Tokyo now has a few botanical gardens but Jindai Shokubutsu KÅen is the original. Arranged with typical Japanese attention to detail, its thirty areas are each dedicated to subspecies of a particular plant, with its main attraction the Rose Garden hosting some 400-odd varieties. The garden makes for an educational and relaxing stroll and the perfect antidote to the metropolitan hubbub.
Once a landfill site, the artificial ‘Dream Island’ Yumenoshima is now an attractive park and the site of Tokyo’s Tropical Greenhouse Dome. Actually consisting of three domes, the indoor garden perfectly recreates exotic rainforest habitats with its 1000 species collection. The C dome is dedicated to the flora of Japan’s own tropical Ogasawara Island chain.
As its name suggests the Hong Kong Zoological and Botanical Gardens on Victoria Peak is as much a place for animal life as plants. Don’t forsake the horticultural side for the primates and reptiles though, as its thematic spaces, especially the greenhouse and Camelia Garden, which houses some 30 species, are real treats.
Tai Po’s Kadoorie Farm and Botanic Garden is also recommended for a retreat from the city and its incredible views of the new territories. Nature lovers and photographers will also enjoy the Butterfly Garden, whose carefully curated plant collection attracts many of the region’s most beautiful flying insects.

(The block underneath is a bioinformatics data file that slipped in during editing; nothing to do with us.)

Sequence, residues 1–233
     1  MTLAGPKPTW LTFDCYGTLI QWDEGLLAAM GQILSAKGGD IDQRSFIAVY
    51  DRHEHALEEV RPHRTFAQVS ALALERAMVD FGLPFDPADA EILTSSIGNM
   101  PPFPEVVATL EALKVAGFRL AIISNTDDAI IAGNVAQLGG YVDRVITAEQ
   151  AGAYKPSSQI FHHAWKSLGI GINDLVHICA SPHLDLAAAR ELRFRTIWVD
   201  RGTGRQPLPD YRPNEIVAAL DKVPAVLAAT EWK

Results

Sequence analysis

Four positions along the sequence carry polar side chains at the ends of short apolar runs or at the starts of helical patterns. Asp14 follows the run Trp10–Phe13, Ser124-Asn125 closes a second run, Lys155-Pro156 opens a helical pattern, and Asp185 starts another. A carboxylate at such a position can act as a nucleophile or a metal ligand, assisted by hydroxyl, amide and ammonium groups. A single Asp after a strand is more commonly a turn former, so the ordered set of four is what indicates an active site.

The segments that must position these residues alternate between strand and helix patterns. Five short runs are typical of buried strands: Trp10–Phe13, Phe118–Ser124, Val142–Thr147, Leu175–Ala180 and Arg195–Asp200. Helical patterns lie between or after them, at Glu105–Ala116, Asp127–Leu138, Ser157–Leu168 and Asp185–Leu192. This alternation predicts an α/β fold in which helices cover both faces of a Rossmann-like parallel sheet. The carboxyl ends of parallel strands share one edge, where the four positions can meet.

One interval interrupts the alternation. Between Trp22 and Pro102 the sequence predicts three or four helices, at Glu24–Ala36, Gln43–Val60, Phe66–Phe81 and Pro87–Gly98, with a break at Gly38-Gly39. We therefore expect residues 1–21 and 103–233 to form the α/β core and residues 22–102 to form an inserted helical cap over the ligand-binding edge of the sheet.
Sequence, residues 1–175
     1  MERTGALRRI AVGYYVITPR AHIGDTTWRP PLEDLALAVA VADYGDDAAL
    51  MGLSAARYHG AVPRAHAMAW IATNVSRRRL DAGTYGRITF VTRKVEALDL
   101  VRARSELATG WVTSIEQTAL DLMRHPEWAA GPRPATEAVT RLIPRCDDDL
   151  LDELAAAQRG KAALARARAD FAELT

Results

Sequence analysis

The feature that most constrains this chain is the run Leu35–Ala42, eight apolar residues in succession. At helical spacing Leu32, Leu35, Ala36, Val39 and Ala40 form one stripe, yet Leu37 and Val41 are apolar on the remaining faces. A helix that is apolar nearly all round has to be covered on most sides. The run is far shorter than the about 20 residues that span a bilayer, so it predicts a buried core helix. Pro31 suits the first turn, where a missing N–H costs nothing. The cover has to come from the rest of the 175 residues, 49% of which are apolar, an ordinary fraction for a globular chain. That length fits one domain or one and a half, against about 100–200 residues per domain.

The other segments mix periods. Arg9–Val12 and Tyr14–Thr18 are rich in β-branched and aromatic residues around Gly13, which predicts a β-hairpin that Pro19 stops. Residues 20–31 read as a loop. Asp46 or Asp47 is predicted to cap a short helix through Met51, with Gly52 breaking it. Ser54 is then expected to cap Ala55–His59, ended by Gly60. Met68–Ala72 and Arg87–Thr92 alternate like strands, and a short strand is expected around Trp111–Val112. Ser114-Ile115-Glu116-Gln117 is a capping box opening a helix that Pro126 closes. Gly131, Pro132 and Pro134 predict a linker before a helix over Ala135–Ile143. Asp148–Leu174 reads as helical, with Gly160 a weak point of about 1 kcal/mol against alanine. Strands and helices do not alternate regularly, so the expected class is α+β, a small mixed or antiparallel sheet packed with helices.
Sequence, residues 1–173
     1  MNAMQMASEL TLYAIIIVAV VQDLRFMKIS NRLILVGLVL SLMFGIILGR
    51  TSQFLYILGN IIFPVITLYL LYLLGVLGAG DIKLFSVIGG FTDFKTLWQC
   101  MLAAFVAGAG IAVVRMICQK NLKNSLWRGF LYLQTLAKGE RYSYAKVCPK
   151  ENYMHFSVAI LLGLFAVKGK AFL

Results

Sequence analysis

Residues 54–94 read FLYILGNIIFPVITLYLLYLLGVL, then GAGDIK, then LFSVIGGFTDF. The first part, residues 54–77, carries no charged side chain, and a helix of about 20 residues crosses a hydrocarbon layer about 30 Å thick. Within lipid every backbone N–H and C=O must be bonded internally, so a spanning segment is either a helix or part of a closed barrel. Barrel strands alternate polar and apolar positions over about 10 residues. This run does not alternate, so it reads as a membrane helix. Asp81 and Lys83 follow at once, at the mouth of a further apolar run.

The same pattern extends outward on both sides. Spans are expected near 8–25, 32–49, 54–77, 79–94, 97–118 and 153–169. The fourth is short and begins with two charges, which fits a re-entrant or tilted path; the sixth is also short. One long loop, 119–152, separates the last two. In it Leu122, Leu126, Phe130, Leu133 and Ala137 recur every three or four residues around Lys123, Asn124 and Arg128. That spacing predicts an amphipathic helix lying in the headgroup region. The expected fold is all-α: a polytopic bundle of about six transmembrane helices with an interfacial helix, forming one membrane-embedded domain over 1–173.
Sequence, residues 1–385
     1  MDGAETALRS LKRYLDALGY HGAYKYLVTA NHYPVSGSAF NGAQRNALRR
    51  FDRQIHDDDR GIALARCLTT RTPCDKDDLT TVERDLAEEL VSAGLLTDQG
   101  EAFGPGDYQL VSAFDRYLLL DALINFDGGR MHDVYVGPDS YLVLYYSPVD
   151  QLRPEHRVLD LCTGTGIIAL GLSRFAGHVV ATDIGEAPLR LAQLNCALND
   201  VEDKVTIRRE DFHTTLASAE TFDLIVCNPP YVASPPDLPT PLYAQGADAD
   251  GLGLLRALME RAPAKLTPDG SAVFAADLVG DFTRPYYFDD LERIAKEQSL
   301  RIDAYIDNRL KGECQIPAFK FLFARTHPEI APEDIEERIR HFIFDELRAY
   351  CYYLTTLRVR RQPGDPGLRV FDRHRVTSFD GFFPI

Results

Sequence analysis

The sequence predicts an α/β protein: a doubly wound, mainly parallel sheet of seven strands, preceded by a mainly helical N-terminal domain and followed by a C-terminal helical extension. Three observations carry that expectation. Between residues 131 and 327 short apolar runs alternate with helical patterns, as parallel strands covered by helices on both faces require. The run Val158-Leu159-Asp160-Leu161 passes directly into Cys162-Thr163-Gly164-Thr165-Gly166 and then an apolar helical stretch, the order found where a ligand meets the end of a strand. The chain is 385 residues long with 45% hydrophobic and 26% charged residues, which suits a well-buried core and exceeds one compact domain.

Sydney’s Royal Botanic Gardens and Domain is divided into many ‘feature gardens’ which highlight the broad spectrum of the continent’s plant life as well as that of other regions (the HSBC Oriental Garden). It’s also the best place in the city for spotting indigenous wildlife, from insects to owls and lizards if you’re lucky. The park’s colony of up to 22, 000 Flying-foxes is also still easily visible, though the bats’ relocation due to significant tree damage is currently being planned.
It’s not as if Barbados’ landscapes aren’t beautiful enough, but a visit to Andromeda Botanic Gardens in St Joseph is still worthwhile. Right on the island’s east coast, this charming spot began as a private collection and labour of love. Later it was bequeathed to the Barbados National Trust, who now take care of its excellent array of orchids, palms and heliconia, which sit either side of a small stream; a getaway from a getaway, if you will.
With a whopping 740 acres-worth of natural beauty, a visit to the Walter Sisulu National Botanical Garden is more than worth the 30 minutes’ drive from Johannesburg proper. More like a national park than most botanical gardens, this incredible wide-open space has been a popular picnic spot since well before its formal designation in 1982. The cliffs around the garden’s magnificent Witpoortjie waterfall are well known as the nesting place of a pair of African Black Eagles.
For the best fares to any of the above destinations, hop on over to www.virginatlantic.com.